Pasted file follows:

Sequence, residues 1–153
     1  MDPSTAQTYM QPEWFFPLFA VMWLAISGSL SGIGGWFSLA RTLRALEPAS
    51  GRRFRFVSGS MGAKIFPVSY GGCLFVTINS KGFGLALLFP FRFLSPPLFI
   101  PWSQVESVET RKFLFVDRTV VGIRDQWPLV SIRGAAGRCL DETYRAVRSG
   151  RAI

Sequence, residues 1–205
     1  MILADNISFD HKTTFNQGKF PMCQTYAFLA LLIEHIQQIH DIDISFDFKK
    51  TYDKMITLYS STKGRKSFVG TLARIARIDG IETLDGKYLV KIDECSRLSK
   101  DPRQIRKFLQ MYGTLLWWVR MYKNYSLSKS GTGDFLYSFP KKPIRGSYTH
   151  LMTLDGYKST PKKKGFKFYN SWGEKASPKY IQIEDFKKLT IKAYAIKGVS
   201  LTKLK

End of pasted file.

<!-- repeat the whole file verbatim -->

Sequence, residues 1–153
     1  MDPSTAQTYM QPEWFFPLFA VMWLAISGSL SGIGGWFSLA RTLRALEPAS
    51  GRRFRFVSGS MGAKIFPVSY GGCLFVTINS KGFGLALLFP FRFLSPPLFI
   101  PWSQVESVET RKFLFVDRTV VGIRDQWPLV SIRGAAGRCL DETYRAVRSG
   151  RAI

Sequence, residues 1–205
     1  MILADNISFD HKTTFNQGKF PMCQTYAFLA LLIEHIQQIH DIDISFDFKK
    51  TYDKMITLYS STKGRKSFVG TLARIARIDG IETLDGKYLV KIDECSRLSK
   101  DPRQIRKFLQ MYGTLLWWVR MYKNYSLSKS GTGDFLYSFP KKPIRGSYTH
   151  LMTLDGYKST PKKKGFKFYN SWGEKASPKY IQIEDFKKLT IKAYAIKGVS
   201  LTKLK